Visitors, contractors, and suppliers are given color-coded badges to enter Nissan. The colors specify which one of the three plants they will be entering.

The first person visitors see when they enter Nissan's front lobby is a security officer. The officer makes certain all visitors sign in and are given the appropriate visitor access card. No one is allowed to enter the Nissan complex without first being cleared by security. The officer in the front lobby also maintains the switchboard and handles incoming calls. Any materials or supplier samples that are brought through the front lobby are also recorded by this security officer.

In conjunction with Nissan's employee communications section, security coordinates the public tour program, normally scheduled every Tuesday and Thursday, three times a day. Electric trams, driven by security officers, provide visitors with a look at the production process. The officers describe the manufacturing process as the trams weave their way through the three plants. Smith explains, "We carefully check out the people who are going to tour the Nissan facility for security risks. Visitors have to call in advance and check in with us when they get here. We feel this is another one of the services to Nissan and its employees that security can provide."

As part of the tour confirmation, visitors are told pictures can only be taken inside the plant with special permission of that plant manager. Since very little design work for Nissan is done at this facility, industrial espionage has not been a major concern. However, Nissan does have proprietary processes in the plant that security is responsible for protecting.

In addition to access control, procedures are set in place to monitor what employees and contractors take in and out of the facility. If anyone takes a nonproduction item such as a slide projector outside the company, that person has to get a material gate pass. Contractors who come on-site need site passes for their vehicles. They also need tool lists, which are lists of the equipment they are bringing on-site. Briers explains, "We keep a copy of the tool list so we can make sure contractors are leaving with just their own tools. The same policy goes for someone who brings personal items like typewriters on-site. We don't really want them to, but if somebody for one reason or another brings a personal piece of equipment to work, we would record it."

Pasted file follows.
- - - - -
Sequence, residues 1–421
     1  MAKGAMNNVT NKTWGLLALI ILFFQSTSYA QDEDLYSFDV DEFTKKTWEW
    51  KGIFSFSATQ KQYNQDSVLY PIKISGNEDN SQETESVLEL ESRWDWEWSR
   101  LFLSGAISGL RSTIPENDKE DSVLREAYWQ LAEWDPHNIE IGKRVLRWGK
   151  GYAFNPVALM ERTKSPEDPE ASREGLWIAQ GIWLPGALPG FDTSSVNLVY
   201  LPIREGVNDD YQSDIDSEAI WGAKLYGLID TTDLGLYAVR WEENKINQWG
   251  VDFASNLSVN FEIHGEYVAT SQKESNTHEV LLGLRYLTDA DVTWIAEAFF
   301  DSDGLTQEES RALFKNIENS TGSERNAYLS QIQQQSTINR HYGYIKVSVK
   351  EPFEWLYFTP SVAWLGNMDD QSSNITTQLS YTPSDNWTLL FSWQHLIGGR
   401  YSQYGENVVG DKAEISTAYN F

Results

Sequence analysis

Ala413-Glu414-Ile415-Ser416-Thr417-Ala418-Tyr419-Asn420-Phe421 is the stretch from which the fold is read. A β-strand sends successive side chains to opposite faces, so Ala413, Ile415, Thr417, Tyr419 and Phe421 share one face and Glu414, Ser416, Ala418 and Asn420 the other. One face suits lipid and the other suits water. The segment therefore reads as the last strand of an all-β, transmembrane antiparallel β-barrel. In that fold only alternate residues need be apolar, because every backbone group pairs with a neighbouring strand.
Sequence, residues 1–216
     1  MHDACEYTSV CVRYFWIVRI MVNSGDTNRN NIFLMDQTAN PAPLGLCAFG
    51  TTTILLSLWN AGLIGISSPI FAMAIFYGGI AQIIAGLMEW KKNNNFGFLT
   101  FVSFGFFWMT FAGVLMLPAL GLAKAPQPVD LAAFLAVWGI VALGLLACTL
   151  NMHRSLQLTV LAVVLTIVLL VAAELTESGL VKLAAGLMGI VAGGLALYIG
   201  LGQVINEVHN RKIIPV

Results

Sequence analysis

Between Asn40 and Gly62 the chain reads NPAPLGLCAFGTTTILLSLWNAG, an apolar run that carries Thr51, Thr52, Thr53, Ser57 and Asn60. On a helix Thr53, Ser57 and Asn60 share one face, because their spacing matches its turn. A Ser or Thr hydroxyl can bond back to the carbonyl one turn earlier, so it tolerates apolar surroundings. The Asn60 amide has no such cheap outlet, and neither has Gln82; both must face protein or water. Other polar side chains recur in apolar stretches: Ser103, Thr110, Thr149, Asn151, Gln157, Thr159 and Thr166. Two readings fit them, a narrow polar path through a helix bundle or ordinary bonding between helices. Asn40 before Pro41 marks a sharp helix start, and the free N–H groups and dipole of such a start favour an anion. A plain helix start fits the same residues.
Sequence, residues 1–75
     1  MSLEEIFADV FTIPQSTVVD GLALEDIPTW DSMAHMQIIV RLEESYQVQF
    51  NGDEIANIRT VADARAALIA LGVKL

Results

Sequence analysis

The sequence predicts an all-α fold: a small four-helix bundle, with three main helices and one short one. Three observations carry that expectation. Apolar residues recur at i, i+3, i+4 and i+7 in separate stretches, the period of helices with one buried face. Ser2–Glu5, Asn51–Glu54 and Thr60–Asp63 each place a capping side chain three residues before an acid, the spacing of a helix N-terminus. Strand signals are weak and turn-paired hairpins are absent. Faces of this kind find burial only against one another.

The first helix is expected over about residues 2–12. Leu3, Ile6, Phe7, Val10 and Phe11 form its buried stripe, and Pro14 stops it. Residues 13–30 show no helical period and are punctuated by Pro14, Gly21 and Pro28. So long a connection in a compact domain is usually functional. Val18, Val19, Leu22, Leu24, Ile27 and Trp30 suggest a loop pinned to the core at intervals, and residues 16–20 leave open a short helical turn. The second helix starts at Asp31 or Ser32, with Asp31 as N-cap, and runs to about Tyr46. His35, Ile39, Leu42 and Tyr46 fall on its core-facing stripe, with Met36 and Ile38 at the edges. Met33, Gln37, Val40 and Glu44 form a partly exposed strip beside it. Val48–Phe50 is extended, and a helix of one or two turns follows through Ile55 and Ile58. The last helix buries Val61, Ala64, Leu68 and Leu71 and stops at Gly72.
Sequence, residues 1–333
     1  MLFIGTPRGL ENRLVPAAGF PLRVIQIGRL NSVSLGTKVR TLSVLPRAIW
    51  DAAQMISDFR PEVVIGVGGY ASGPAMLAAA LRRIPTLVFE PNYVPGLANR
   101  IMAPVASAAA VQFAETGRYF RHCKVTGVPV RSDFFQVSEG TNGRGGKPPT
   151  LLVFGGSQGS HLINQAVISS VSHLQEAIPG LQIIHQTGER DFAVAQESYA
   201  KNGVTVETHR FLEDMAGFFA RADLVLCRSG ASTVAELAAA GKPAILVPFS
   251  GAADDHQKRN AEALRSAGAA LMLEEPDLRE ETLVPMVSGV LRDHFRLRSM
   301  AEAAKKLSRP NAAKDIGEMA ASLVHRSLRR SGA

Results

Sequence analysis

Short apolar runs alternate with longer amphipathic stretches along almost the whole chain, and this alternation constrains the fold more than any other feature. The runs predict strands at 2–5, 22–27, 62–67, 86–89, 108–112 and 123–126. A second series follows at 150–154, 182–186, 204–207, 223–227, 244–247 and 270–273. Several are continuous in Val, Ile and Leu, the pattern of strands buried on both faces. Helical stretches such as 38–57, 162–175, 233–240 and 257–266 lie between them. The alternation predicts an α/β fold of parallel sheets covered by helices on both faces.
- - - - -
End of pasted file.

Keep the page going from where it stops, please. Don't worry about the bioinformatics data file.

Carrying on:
Nissan's security measures will be challenged in the next few years when the company creates 2,000 new jobs and increases annual production capacity to 440,000 vehicles in 1992. The expansion will add an additional 1.2 million sq. ft. to the existing facility.

"We will have a lot of traffic with contractors and suppliers coming in and out, so we have to take steps to enhance our present security program," Smith states. "We intend to train more officers in our access control procedures--signing people in and out, site passes, tool lists--and keep the training ongoing."

Briers adds, "We will increase the number of officers we have but not in direct proportion to the increase in the plant. Security is not bringing a new product on board; manufacturing is. We basically will keep the security procedures we have now and add just a few more officers.

"We also plan to strengthen the officers' expertise by doing more cross-training. Cross-training helps by improving morale since they feel more involved and helps because the officers have a broader base of experience."

Smith sums up: "The strongest part of our security program here is planning and preventing. We ask: `What programs can we put in place to make sure that certain events don't happen?' We don't wait for an incident to happen before we do something about it."

Many factors set this facility--and its security--apart, such as its status as a foreign trade zone and its incorporation of Nissan's ideals of participative management and providing security services at its best. The progressive security team at Nissan is up to the challenges it faces, however. Its future, and that of the Nissan facility in Tennessee, seems bright.

PHOTO : A technically advanced automotive facility, Nissan also has a state-of-the-art approach to

PHOTO : training and managing its employees.

PHOTO : At Nissan, 351 robots spot and arc weld.

Terry Abrams is senior editor/writer at Security Management.
COPYRIGHT 1989 American Society for Industrial Security
No portion of this article can be reproduced without the express written permission from the copyright holder.
Copyright 1989 Gale, Cengage Learning. All rights reserved.

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Author:Abrams, Terry
Publication:Security Management
Date:Aug 1, 1989
Words:3034